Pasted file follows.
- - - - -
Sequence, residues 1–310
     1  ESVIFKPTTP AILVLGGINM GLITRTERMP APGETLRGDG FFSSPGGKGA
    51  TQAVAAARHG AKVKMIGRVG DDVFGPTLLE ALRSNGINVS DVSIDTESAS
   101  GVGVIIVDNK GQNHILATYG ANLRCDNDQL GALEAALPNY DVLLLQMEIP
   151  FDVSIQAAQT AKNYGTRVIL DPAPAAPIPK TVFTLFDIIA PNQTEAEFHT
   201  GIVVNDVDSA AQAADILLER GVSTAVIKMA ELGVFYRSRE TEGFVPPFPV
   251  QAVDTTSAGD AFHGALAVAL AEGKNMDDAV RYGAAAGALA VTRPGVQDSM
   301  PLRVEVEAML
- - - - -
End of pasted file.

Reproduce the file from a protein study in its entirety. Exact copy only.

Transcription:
Sequence, residues 1–310
     1  ESVIFKPTTP AILVLGGINM GLITRTERMP APGETLRGDG FFSSPGGKGA
    51  TQAVAAARHG AKVKMIGRVG DDVFGPTLLE ALRSNGINVS DVSIDTESAS
   101  GVGVIIVDNK GQNHILATYG ANLRCDNDQL GALEAALPNY DVLLLQMEIP
   151  FDVSIQAAQT AKNYGTRVIL DPAPAAPIPK TVFTLFDIIA PNQTEAEFHT
   201  GIVVNDVDSA AQAADILLER GVSTAVIKMA ELGVFYRSRE TEGFVPPFPV
   251  QAVDTTSAGD AFHGALAVAL AEGKNMDDAV RYGAAAGALA VTRPGVQDSM
   301  PLRVEVEAML